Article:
Article
Full-text available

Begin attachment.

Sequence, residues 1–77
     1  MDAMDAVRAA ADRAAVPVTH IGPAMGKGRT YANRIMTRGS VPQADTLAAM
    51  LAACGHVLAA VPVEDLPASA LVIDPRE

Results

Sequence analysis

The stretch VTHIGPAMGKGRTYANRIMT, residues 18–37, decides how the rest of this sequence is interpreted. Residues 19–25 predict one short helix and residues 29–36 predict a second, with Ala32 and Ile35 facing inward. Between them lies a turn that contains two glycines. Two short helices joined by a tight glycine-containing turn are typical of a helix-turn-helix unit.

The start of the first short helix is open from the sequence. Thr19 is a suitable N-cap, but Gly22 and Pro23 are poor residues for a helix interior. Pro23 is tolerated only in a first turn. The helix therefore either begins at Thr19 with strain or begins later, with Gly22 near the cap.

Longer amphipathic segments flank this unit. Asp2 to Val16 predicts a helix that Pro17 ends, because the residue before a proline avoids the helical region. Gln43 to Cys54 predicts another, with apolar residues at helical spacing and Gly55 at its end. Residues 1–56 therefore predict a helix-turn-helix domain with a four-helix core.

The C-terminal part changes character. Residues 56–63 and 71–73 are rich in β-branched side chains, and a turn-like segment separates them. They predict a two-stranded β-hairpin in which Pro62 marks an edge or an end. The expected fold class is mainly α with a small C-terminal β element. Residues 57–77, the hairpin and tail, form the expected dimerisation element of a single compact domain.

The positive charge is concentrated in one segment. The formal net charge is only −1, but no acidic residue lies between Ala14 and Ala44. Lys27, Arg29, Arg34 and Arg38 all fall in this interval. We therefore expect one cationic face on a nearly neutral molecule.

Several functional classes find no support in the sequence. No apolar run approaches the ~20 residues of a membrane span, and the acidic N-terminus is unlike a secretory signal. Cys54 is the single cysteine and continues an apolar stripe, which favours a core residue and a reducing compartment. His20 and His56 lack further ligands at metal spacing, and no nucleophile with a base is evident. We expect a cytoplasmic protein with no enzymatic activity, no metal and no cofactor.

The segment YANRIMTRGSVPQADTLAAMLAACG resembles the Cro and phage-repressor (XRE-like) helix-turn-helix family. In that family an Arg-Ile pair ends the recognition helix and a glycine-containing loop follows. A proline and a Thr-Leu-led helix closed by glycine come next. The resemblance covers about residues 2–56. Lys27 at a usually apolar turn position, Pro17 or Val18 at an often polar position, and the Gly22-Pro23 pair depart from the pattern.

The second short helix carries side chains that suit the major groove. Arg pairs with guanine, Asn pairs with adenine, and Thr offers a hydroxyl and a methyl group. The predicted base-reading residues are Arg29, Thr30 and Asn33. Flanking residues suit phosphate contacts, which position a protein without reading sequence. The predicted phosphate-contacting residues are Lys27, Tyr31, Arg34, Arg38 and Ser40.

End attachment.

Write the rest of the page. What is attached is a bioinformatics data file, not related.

Patients with severe mental illness (SMI) experience more physical comorbidity than the general population. Multiple factors, including inadequate seeking of healthcare and health care related factors such as lack of collaboration, underlie this undesirable situation. To improve this situation, the logistics of physical health care for patients with SMI need to be changed. We asked both patients and their families about their views on the current organization of care, and how this care could be improved. Group and individual interviews were conducted with patients and family of patients to explore their needs and preferences concerning the care for the physical health of patients with SMI, and to explore the shortcomings they had experienced. Using thematic analysis, responses were firstly divided into common topics, after which these topics were grouped into themes. Three major themes for the improvement of the physical care of patients with SMI were found. Firstly, the reduced ability of patients with SMI to survey their own physical health interests requires health care that is tailored to these needs. Secondly, the lack of collaboration amongst mental health care professionals and general practitioners (GPs) hinders optimal care. Thirdly, concerns were expressed regarding the implementation of monitoring and supporting a healthy lifestyle. Patients with SMI welcome this implementation, but the logistics of providing this care can be improved. An optimal approach for caring for the physical health of patients with SMI requires a professional approach, which is different to the routine care provided to the general public. This approach can and should be accomplished within the usual organizational structure. However, this requires tailoring of the health care to the needs of patients with SMI, as well as structural collaboration between mental health care professionals and GPs.